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Psychopharmacology (Berl). 2003 Nov;170(2):167-77. Epub 2003 Jun 24.

Behavioral sensitization to amphetamine in rats: changes in the rhythm of head movements during focused stereotypies.

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Department of Pharmacology and Toxicology, University of Kansas, 5064 Malott Hall, 1251 Wescoe Hall Drive, Lawrence, KS 66045-2505, USA.



The indirect-acting dopamine agonist amphetamine induces in rats, motor stereotypies that have served as the primary behavioral end points in studies related to schizophrenia, drug abuse, and L-dopa-induced dyskinesias. Despite the experimental importance of this rodent response to this drug, little is known about the rhythmic character of the behavior and how such rhythms change (or sensitize) in response to repeated treatment with amphetamine.


To address this lack of quantitative information, the rhythms of focused stereotypies (characterized by a lack of locomotion and rapid head movements) were measured in a force-plate actometer that permitted the quantification of behavioral rhythmicity.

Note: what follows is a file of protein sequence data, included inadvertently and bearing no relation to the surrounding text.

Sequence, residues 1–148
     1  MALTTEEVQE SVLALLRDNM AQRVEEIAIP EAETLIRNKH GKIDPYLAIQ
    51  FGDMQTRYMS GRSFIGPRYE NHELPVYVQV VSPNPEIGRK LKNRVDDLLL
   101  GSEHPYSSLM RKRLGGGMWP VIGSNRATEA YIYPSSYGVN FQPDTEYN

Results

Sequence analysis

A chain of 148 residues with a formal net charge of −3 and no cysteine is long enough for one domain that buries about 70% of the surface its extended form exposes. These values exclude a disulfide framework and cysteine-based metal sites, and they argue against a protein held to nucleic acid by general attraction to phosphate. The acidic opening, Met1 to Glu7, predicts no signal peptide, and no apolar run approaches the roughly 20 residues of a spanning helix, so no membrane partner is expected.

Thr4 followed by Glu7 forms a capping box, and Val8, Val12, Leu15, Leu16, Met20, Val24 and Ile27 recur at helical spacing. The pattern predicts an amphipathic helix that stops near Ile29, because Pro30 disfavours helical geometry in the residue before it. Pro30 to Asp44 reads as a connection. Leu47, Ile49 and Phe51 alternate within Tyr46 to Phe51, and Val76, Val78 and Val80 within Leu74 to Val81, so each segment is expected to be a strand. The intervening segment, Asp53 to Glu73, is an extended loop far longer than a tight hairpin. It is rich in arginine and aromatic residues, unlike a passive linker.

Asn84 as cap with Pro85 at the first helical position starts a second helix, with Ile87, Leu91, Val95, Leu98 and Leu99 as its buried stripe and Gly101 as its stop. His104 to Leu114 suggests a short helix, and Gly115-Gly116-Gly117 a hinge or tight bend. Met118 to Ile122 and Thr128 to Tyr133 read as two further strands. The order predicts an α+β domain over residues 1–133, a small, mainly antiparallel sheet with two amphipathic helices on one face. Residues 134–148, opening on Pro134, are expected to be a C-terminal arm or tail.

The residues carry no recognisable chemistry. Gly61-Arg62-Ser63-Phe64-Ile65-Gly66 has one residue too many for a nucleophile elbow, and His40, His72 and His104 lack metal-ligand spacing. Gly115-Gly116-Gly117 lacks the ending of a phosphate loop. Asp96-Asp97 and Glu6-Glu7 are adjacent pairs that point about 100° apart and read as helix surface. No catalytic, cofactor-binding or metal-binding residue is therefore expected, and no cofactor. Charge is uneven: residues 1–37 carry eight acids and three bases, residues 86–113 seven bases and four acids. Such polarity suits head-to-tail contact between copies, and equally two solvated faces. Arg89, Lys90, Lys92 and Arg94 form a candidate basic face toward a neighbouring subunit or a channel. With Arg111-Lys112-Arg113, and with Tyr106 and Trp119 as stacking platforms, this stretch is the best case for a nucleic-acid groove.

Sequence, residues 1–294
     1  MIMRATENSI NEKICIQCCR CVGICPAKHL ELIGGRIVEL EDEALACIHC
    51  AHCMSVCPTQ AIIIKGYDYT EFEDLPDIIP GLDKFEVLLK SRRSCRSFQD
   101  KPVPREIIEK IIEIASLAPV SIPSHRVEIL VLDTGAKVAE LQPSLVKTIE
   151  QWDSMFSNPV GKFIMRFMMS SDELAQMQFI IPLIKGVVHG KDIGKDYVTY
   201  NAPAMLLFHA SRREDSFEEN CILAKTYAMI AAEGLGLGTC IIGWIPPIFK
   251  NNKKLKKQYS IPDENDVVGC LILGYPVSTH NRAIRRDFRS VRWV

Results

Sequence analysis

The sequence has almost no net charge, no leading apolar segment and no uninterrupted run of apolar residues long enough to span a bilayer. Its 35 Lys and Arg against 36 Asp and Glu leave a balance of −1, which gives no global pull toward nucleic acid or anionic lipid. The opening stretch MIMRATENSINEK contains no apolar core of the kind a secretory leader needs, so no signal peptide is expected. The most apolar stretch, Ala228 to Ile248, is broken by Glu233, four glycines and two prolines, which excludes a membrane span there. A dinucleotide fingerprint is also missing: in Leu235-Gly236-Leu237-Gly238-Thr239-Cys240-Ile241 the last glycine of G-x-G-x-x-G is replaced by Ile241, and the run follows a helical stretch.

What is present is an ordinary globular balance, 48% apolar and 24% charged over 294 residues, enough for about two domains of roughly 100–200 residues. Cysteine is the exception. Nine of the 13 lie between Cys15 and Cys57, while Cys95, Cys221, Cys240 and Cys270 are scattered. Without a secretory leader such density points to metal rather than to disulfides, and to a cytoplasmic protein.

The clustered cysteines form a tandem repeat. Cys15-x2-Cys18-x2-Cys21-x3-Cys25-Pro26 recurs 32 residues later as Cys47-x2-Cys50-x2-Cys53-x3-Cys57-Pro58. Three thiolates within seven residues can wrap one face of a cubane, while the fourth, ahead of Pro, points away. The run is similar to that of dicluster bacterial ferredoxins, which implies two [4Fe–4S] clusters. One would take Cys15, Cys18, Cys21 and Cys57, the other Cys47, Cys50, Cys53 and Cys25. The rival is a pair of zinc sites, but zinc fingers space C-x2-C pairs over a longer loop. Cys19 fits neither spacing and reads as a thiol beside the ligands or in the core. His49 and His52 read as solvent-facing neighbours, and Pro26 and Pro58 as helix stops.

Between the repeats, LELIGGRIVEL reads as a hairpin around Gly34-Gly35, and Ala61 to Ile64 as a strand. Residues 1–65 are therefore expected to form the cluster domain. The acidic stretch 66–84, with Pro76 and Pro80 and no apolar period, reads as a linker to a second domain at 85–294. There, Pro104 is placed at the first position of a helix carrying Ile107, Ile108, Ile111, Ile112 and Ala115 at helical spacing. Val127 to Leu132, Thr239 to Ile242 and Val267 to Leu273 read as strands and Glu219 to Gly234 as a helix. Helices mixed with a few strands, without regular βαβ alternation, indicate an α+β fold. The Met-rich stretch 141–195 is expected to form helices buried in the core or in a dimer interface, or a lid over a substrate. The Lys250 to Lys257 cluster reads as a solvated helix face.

Focused stereotypies were induced by d-amphetamine sulfate (2.5 and 5.0 mg/kg) after acute and repeated treatment with fixed doses of the drug in separate groups of rats, and the drug-induced behaviors were recorded in 1-h sessions in the actometer.


The two doses of amphetamine produced focused stereotypies characterized by a 10-Hz rhythm of head movements. Detailed analyses of the data for 5.0 mg/kg amphetamine showed that the rhythm in the 10-Hz region of the power spectrum increased significantly within a 1-h period, while five intermittent, repeated drug treatments significantly reduced the rhythm, possibly reflecting either tolerance or sensitization.


Aside from providing a new quantitative approach to studying focused stereotypies, these observation direct attention to the possibility that practice-mediated processes involved in motor skill enhancement may be a part of the neural adaptations that parallel the development of sensitization to indirect-acting dopamine agonists.

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